Packers’ draft goes from hooray to huh?

By Chris Havel
Special to Event USA
GREEN BAY, Wis. –   If the NFL Draft was a window into the Packers’ soul, I realize why some have their doubts about the team’s future. The inside glimpse was revealing, to say the least, but I’ve got to say I’m still on board with GM Brian Gutekunst.

Green Bay’s GM ‘corners’ the market with Alexander, Jackson and a punter

We’ve got your Tickets & Game Packages NOW!
Buy Tickets Now >>

Here’s why:
** No. 1 – The Packers had no choice but to pin their defensive, pass-rushing hopes on Clay Matthews and Nick Perry. They were obliged contractually to allow Matthews and Perry to earn their existing deals.
Good luck with that.
The best-case scenario is that Matthews and Perry find a way to stay healthy through the regular season and into the playoffs. Nobody questions either player’s ability. It’s their availability that is the source of disappointment.
If 2018 is going to be a success, Matthews and/or Perry MUST deliver.
It seems a foregone conclusion that the Packers will use their own first-round pick in 2019, plus the Saints’ first-rounder, to acquire help at outside linebacker and pass rusher.
** No. 2 – The team’s pass rush will come from players on the roster – rather than the draft – who are going to take big steps forward. OK, it’s the party line, but I’m willing to humor the Packers for the sake of this column.
Packers’ head coach Mike McCarthy said the Packers’ non-existent pass rush will improve because “the biggest gains have been through the guys that have been here, from our returning players, particularly our second- and third-year players.”
The Packers didn’t draft a pass rusher until the seventh round.
So that means Vince Biegel, Reggie Gilbert and Kyler Fackrell is going to be the answer to the team’s pass-rush deficiencies.
It’s a long-shot, I’ll admit, but here’s where the “develop” part of “draft-and-develop” comes in.
It’s the hand the Packers have been dealt.
If one of the three (Biegel, Gilbert or Fackrell) contributes significantly consider it a win.
** No. 3 – Two words: “Cover sack.”
Apparently, that is the Packers’ defensive plan.
The selection of Jaire Alexander and Josh Jackson gives Green Bay what appears to be great depth at cornerback.
The singular skill that jumped off the video on Alexander and Jackson, for me, was their tremendous ball awareness. They made a ton of plays because they recognized what the offense was trying to accomplish.
Alexander’s speed allowed him to be something of a “baiter.” He’d trail a play while hoping the quarterback would try to stick a tight throw through the window. Then he would pounce.
Jackson merely out-battled receivers for jump balls, didn’t allow receivers to cross his face in the slot, and showed a great understanding of his role in the defensive scheme.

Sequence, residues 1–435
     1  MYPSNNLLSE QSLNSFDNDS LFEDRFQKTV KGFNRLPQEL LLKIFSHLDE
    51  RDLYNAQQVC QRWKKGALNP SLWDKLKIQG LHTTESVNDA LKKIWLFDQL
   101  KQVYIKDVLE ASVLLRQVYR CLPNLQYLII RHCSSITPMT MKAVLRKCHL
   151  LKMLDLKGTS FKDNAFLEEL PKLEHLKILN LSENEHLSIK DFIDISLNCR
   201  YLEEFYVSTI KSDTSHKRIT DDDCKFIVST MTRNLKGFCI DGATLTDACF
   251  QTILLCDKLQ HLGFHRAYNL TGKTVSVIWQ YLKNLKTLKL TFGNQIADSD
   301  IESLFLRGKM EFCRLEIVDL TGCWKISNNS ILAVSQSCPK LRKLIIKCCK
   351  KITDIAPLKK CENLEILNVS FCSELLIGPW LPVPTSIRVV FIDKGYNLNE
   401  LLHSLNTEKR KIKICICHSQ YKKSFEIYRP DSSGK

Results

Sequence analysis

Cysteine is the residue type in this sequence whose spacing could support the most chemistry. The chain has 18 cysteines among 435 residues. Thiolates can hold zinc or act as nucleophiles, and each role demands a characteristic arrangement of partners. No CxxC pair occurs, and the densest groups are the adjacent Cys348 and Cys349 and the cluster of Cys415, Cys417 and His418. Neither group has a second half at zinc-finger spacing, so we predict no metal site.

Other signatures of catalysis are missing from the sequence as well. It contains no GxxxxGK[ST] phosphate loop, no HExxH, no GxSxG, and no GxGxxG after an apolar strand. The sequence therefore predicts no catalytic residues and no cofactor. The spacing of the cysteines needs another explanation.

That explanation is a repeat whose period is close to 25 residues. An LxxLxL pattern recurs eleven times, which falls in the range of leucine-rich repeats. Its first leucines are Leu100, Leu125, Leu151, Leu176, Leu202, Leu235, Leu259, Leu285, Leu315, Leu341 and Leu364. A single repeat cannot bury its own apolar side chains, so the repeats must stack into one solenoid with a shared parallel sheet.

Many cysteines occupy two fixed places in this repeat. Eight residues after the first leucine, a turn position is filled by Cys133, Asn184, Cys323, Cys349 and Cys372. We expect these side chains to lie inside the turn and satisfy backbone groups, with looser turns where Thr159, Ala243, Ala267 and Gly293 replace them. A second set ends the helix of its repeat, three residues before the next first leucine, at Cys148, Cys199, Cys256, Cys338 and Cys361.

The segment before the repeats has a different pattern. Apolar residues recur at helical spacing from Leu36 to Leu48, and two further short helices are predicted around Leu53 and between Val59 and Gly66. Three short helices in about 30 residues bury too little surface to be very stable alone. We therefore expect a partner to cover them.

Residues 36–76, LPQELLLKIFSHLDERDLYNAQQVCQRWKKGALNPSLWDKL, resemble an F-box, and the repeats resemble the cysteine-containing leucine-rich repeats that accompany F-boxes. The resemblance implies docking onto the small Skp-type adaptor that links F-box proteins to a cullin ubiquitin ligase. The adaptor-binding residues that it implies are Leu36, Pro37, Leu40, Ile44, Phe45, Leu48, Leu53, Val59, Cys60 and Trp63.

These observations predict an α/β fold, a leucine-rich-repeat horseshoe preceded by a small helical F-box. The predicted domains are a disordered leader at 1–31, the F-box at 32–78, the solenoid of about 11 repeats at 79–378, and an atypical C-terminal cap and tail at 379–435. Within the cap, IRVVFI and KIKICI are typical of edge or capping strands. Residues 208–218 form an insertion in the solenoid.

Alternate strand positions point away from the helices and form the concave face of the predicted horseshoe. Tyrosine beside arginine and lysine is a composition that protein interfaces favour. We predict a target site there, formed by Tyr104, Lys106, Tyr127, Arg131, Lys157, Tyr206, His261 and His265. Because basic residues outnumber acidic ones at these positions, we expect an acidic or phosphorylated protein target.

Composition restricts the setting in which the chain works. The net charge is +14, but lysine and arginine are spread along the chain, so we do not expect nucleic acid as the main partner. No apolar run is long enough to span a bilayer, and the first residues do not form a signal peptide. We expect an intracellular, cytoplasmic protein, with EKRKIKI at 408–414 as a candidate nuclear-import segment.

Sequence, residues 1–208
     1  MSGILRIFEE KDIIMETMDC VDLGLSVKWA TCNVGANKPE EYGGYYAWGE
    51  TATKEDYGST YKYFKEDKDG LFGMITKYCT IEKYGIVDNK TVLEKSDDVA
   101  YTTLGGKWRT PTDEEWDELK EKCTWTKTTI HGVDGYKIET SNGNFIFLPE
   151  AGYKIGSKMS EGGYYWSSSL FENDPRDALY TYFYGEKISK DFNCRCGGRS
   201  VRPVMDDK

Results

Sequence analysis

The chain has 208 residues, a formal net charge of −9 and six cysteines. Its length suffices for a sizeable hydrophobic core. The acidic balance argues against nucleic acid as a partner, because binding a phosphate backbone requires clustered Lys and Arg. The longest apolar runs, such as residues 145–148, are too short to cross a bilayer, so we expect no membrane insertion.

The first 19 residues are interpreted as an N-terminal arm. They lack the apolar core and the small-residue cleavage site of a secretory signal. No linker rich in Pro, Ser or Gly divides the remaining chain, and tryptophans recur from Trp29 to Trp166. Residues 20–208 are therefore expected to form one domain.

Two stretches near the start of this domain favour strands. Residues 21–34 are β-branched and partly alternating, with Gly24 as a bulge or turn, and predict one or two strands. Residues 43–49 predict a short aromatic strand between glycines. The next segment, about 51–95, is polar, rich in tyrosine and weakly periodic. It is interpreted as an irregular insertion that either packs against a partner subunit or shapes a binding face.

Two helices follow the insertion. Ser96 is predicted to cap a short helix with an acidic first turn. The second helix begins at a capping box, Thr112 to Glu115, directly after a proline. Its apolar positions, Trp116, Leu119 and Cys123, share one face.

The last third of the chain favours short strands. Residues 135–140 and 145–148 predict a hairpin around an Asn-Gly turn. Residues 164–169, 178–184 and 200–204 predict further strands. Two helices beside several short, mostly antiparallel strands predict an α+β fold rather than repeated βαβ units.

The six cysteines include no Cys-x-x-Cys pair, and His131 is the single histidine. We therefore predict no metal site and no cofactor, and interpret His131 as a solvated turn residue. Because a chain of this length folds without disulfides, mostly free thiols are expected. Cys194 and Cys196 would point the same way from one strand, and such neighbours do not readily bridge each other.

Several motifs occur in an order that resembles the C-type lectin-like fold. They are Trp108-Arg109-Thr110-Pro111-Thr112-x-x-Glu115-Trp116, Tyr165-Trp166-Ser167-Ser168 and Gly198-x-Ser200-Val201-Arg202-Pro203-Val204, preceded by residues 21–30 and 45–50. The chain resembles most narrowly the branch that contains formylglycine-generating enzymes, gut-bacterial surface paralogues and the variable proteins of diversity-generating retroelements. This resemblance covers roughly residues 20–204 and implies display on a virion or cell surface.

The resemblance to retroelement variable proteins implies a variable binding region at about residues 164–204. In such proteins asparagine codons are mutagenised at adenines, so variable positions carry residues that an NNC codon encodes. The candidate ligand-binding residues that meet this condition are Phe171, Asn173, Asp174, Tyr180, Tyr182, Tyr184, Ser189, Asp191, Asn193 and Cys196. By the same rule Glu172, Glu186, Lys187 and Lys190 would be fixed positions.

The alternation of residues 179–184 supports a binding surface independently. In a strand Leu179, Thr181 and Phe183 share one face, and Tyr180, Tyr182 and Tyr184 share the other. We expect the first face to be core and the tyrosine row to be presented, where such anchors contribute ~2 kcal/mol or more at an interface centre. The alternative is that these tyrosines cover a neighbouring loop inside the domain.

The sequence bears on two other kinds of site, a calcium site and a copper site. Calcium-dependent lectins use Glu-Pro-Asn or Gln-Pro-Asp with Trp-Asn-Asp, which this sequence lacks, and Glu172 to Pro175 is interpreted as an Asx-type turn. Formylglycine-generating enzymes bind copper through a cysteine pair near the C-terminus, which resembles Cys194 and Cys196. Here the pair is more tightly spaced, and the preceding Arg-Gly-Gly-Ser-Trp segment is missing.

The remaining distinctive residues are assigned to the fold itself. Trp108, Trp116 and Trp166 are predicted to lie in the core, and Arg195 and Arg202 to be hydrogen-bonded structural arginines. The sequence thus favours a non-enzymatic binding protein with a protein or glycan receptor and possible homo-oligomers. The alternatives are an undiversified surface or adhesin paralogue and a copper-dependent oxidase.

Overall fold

Jackson is Micah Hyde, only better.
The Packers’ cornerback position currently includes Kevin King, Tramon Williams, Jaire Alexander, Josh Jackson, Davon House, Quinten Rollins, Lenzy Pipkins, Josh Hawkins, Demetri Goodson, Donatello Brown and Herb Waters.
With Ha Ha Clinton-Dix, Josh Jones and Kentrell Brice at safety, the Packers’ secondary appears to be much-improved over the 2017 version.
** No. 4 – Frankly, this draft revealed that the Packers are putting a lot of resources into new defensive coordinator Mike Pettine’s scheme. The Packers signed Muhammad Wilkerson, the defensive end, to bolster the front seven.
If Montravius Adams, last year’s third-round pick, develops the front seven will have added two key components. That may be a big “if” but the Packers have little choice.
Pettine is the key to success.
It’s interesting that the Packers traded up to select Vanderbilt’s Oren Burks, a safety/nickel linebacker who posted the fastest 40-yard dash time (4.58) among linebackers at the combine.
Burks will be an inside linebacker for Pettine. That suggests Pettine’s scheme is going to be reliant on speed and play-makers. Clearly, he’d love to have two big-time edge pass rushers. What he has is Matthews and Perry, coupled with the hope that one or both can turn back the clock.
Odds and ends:
** The Packers drafted three receivers, leading off with J’Mon Moore of Missouri. Moore (6-2, 207) ran a 4.49 at his pro day after an abysmal 4.6 at the combine.
The Packers bought into the pro day time.
We’ll know soon enough if they were right.
** The selection of a punter and a long snapper drew some fans’ ire, but the fact is this: It’s a way to guarantee getting a particular “need” pick without having to out-bid another team for the undrafted free agent’s services.
In other words, if you like the player, draft him.
Why wait and potentially lose a punter or long snapper to another team merely because “they” felt they had a better chance of making another team’s roster?
** Cole Madison, the guard from Washington State, could become a “plug-and-play” pick at right guard. There was a reason the Packers held off re-signing Jahre Evans.
Madison may have been it.